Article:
Exclusivity provisions are staples of some commercial leases, particularly in the shopping mall setting.
The purpose of these so-called “exclusives” is to protect a tenant from a competing business renting in the same shopping center and potentially undercutting the tenant’s pricing. The larger the tenant (think “anchor” tenant) in terms of resources, the more leverage it has in insisting on an exclusivity term.
Delco, LLC v. Starbucks (see https://casetext.com/case/delco-llc-v-starbucks-corp) pits a New Jersey commercial landlord suing the coffee giant for a court declaration that the landlord’s renting to McDonald’s in the same shopping center did not violate an exclusive in Starbucks’ lease that prohibited plaintiff from leasing space to any tenant (other than Starbucks) who would sell “coffee, espresso and tea drinks.” The one qualification to the exclusive was that the landlord could rent to “any tenant [who occupies] twenty thousand contiguous square feet or more…and operating under a single trade name.”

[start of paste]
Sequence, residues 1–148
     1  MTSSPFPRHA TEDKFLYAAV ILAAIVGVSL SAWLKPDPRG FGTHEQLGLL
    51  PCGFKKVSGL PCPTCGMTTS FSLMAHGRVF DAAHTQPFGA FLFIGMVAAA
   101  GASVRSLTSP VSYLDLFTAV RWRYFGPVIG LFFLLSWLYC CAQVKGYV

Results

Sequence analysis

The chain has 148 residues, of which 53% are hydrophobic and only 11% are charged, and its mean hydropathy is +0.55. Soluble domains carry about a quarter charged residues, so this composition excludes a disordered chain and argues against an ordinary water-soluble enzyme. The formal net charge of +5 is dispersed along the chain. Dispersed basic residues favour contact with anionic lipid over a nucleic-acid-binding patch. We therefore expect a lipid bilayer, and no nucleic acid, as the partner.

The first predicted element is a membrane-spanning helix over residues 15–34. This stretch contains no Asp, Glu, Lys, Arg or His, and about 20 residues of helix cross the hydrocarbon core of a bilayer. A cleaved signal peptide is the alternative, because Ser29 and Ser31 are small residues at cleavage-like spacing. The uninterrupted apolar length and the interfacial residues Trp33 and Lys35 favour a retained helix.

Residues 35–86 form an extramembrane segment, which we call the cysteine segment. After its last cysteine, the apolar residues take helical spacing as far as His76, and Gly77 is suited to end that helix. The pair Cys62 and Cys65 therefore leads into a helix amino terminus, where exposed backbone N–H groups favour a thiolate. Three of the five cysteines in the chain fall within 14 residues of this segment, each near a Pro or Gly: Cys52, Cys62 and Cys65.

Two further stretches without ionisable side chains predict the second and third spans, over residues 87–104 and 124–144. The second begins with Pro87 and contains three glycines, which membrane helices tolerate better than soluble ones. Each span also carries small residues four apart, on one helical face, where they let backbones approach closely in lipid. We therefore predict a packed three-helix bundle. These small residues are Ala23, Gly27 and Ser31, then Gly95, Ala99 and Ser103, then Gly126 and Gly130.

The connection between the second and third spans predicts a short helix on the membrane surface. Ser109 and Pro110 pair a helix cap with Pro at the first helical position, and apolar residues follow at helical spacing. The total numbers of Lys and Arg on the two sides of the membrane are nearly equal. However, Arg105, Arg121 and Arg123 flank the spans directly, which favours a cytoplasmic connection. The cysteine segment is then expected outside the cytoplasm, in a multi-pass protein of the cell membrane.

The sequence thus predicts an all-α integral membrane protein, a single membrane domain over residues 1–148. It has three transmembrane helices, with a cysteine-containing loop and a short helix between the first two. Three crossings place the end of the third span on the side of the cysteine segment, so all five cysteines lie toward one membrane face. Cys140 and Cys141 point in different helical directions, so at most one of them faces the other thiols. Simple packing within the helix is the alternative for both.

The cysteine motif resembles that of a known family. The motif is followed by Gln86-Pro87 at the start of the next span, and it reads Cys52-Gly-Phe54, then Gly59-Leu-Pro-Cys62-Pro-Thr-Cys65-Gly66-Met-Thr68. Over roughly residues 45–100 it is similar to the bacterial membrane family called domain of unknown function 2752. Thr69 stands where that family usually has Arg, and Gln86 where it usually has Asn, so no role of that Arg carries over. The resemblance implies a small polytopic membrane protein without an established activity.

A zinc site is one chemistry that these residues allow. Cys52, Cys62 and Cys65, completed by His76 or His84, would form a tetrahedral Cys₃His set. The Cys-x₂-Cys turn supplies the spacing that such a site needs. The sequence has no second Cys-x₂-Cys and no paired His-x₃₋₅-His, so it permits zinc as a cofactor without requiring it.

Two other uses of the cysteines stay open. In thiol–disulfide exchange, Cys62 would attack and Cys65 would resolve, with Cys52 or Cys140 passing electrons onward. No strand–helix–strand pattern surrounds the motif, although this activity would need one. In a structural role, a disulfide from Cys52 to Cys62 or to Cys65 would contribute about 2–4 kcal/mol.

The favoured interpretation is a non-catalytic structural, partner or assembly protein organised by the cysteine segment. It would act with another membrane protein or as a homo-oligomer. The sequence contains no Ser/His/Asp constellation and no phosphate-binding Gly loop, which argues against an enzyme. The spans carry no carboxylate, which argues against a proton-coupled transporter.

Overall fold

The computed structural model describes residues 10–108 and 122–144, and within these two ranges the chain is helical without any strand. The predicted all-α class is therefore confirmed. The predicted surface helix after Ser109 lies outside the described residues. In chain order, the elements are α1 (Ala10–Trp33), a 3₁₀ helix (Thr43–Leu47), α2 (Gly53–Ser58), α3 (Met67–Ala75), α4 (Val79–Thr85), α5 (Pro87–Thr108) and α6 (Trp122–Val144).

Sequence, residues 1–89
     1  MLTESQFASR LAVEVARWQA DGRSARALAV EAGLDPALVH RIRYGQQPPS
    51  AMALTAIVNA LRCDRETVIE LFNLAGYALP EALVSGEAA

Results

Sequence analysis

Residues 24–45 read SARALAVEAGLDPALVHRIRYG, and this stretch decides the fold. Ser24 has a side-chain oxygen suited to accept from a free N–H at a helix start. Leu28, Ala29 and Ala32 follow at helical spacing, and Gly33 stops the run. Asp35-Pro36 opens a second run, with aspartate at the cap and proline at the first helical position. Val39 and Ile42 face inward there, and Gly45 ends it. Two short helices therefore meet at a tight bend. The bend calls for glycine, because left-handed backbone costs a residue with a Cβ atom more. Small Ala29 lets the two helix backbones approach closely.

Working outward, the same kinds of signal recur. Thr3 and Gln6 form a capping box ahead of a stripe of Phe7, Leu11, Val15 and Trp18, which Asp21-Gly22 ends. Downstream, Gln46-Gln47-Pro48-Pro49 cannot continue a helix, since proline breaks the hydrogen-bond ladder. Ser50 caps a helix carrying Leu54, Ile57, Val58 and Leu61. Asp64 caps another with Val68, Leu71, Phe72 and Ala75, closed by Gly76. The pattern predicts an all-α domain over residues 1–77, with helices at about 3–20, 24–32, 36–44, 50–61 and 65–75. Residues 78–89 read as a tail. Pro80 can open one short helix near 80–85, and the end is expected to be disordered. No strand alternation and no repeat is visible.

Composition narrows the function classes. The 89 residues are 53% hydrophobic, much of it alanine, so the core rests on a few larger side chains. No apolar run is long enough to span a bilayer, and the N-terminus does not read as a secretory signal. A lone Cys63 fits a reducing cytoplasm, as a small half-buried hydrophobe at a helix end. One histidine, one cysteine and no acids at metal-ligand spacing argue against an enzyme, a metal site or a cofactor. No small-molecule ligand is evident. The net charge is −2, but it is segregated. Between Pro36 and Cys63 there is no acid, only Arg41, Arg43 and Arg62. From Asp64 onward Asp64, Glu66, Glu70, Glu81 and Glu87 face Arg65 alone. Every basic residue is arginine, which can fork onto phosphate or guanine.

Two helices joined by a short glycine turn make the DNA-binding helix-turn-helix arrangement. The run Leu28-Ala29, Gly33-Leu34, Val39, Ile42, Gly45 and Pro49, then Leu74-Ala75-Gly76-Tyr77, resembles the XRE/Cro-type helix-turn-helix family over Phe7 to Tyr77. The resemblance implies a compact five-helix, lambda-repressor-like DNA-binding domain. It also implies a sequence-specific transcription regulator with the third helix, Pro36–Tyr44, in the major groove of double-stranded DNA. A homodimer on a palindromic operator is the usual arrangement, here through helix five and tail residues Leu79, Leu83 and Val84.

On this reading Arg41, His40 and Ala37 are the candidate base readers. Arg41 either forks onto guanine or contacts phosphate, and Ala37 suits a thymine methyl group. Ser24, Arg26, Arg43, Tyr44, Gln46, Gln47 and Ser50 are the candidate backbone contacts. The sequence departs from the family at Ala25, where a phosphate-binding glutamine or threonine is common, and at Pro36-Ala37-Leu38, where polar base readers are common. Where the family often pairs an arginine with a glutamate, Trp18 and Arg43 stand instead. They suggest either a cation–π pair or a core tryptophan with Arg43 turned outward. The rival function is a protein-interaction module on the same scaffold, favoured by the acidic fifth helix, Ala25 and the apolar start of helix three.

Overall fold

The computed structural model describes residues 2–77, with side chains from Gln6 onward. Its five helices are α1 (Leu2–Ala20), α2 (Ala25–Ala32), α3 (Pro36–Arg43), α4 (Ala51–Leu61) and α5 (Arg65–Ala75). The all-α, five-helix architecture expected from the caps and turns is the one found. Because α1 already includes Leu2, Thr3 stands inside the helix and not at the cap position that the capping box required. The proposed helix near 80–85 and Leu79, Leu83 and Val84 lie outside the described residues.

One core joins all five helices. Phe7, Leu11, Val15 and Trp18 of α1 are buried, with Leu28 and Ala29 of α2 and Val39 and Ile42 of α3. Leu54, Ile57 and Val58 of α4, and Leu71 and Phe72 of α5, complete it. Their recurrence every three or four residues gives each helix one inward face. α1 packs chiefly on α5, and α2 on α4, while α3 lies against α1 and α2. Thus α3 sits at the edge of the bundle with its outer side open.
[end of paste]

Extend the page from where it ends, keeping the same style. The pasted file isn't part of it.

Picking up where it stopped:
The appeals court affirmed the trial court’s finding that the landlord could lease 40,000 square feet to McDonald’s (which sells coffee) without violating the Starbucks lease exclusive.
Applying the plain language of the exclusivity term under basic New Jersey contract interpretation rules, the court found that McDonald’s easily qualified as a tenant who is “operating under a single trade name.” And since the McDonald’s lease encompassed over 20,000 square feet, the McDonald’s lease qualified for the exclusivity exception.
It’s not clear from the short opinion why Starbucks put up such a fight on what seems like an obvious exception to the exclusivity term. So vigorous were Starbucks litigation efforts here, that the plaintiff was awarded over $113K in lawyer fees litigating whether the McDonald’s lease ran afoul of the exclusive term in the Starbucks’ lease.
The appeals court reversed the fee award though since the trial judge didn’t delineate its specific findings that support its fee award. The case will now go back to the NJ trial court for further litigation of the plaintiff-landlord’s attorneys’ fees.